Hello or should I say Gooday Slavi - Now, I know I should not butt in, but I have a couple of suggestions for you and your Coach (pardon me!). Restricted games will bring your contest into a better perspective if you are not already doing that; eg 1.Coach plays only length past the short line, Slavi can hit the ball anywhere. 2.Coach must boast or drop (short stuff) and Slavi can play anywhere. 3.Have a look at the Restricted Games which are with the Drills and Routines for some ideas. 4.Slavi start the point with a lob serve, put a square in the back corner marked with chalk (use your racket as a measure), lose the point unless it lands in the designated area. Oh tough! 5.Limit the Coaches returns, eg drives to land within a racket head width of the side wall (lay a racket on the floor parallel to the wall) in the service box area - lose the point if it does not land accurately within that boundary.
Note: The main thing of course is that these restrictions do not spoil the game, but enhance the training session. Nobody likes benchmarks and accountability, but it will help in the long run. Let me know how it goes. Coach unhappy!?

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From drop-shot - 24 Mar 2005 - 17:04

Good Morning, Evening, whatever...
So, let me just add few cents into that fountain, ok?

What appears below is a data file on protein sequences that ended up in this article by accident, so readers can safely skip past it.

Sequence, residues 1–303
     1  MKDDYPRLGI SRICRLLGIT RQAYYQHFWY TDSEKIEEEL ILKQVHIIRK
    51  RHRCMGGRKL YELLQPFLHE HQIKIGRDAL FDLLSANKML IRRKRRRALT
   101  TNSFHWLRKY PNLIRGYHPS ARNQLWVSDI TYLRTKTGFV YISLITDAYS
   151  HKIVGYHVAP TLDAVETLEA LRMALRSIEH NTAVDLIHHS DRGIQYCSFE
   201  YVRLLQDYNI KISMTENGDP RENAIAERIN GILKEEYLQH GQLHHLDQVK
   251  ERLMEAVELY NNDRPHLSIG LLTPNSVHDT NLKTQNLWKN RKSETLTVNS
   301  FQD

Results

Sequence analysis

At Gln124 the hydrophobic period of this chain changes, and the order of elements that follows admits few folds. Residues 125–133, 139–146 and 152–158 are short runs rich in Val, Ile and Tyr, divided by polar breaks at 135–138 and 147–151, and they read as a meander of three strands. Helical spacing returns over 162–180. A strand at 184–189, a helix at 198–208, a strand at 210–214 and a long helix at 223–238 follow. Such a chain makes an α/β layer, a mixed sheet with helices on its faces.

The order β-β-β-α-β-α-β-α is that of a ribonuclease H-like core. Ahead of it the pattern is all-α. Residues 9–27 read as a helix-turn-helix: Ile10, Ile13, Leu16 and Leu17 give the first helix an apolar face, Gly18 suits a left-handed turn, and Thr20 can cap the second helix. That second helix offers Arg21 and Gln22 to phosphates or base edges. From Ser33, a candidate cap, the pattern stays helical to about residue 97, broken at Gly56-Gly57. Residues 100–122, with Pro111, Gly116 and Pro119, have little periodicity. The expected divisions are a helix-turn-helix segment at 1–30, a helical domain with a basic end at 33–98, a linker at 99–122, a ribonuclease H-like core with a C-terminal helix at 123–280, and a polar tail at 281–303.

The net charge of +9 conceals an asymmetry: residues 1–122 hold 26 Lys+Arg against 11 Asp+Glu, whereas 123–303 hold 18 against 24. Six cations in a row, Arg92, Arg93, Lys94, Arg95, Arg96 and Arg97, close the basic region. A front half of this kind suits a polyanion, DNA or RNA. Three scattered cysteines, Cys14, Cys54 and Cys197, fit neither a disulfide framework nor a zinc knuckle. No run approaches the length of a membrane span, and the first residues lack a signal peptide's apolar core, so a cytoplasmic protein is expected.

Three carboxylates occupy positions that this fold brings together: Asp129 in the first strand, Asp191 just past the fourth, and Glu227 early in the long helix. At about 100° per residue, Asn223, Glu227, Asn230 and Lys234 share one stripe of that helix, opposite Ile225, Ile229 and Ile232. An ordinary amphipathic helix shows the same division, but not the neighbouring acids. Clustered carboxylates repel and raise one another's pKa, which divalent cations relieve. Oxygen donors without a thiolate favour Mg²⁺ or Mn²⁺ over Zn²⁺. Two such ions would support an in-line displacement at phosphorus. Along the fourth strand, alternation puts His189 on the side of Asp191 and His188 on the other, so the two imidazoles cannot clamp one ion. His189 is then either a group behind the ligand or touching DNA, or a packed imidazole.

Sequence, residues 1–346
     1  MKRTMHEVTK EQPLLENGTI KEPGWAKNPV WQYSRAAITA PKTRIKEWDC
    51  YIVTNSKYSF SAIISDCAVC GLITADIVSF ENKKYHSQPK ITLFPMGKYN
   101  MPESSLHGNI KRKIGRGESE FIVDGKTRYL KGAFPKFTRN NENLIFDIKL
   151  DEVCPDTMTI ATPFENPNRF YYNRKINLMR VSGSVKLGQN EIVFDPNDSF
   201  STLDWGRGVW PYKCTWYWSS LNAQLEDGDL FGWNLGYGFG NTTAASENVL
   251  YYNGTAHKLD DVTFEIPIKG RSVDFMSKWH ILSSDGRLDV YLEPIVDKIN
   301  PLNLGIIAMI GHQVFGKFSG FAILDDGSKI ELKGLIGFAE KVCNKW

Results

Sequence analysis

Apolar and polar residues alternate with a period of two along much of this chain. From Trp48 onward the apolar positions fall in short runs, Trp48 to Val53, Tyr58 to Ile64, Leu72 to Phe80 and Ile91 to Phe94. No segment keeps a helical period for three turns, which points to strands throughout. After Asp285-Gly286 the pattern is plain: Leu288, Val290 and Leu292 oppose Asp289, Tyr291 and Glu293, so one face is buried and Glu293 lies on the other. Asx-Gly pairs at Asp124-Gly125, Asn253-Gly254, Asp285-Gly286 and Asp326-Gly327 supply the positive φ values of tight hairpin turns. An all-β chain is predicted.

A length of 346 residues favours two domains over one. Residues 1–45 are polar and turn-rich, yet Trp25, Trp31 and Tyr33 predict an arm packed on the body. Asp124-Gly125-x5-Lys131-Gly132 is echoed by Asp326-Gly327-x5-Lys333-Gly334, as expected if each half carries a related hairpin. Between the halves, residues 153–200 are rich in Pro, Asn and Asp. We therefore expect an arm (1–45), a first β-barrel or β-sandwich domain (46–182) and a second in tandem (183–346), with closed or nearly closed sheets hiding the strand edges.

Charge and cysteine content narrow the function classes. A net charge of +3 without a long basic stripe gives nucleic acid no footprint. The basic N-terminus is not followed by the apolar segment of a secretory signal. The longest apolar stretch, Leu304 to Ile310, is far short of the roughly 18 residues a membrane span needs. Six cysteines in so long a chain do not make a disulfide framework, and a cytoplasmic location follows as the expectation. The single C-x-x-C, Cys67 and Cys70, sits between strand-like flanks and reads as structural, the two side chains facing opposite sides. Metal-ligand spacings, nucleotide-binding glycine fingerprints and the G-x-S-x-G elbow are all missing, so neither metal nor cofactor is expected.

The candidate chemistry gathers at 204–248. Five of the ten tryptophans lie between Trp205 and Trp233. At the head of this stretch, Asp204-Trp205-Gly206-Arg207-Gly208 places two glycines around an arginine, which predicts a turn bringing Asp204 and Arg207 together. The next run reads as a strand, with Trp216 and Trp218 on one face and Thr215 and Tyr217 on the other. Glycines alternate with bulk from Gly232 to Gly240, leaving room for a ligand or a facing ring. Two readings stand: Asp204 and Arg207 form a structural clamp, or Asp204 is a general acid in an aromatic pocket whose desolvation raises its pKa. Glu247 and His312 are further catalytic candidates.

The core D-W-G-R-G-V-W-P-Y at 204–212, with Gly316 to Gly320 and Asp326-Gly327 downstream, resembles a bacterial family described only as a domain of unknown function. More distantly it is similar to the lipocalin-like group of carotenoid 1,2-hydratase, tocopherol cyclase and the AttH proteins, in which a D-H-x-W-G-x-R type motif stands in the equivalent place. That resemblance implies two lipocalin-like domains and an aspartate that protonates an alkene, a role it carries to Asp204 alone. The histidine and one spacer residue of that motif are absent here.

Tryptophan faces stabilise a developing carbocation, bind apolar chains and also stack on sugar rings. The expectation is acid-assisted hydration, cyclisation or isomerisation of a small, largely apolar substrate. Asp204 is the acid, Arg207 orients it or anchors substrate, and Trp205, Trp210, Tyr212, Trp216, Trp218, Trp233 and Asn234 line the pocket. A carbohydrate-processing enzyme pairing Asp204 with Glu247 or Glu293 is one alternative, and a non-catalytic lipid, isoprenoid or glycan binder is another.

"On your toes" and "Bounce" are the mantras for me from 3-4 months. And you would not really believe how my reaction on court increased. What I am really trying to do is to be in permanent move through the court, so I am avoiding long lounging, which makes the muscles and stretches my strings heavily :-))), so I stop just to prepare my hit. Then, smoothly I am bouncing back (or forward) to the "T"... The same behaviour i represent waiting for the opponent serve. So I am not standing like a solid statue one step next to my serving box, but I am watching the ball in his palm, I am watching his grip on the handle to guess the serve, while my legs are trying to find best position to approach the ball... Still I loose and win on the amateur tournaments, but as my personal coach told me, I play very well, I need more routine in this kind of games. You should know that normally I do play only with my coach (75 minutes per day), few times per week in the afternoon I check myself with peers from my office, but recently they do not want to play with me anymore. So I do not have decent sparing partner, just my coach who is far beyond my level (proffesional player from ca. 12 years, playing squash ca. 16 years, 6 in the national ranking, National team member). When we play so-called-serious -game, he plays at 40-55 percent of his limits. Sometimes i am happy seeing him running and sweating. The best compliment for my game is when he has to change the polo after our session. I believe "on your toes" should be mantra for all the beginners to become daily routine in the future games. Have fun and enjoy the game